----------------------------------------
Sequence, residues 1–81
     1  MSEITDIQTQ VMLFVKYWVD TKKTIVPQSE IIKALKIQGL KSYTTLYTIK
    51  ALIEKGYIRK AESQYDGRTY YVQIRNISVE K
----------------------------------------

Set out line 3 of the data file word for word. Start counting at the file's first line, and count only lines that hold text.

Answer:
    51  ALIEKGYIRK AESQYDGRTY YVQIRNISVE K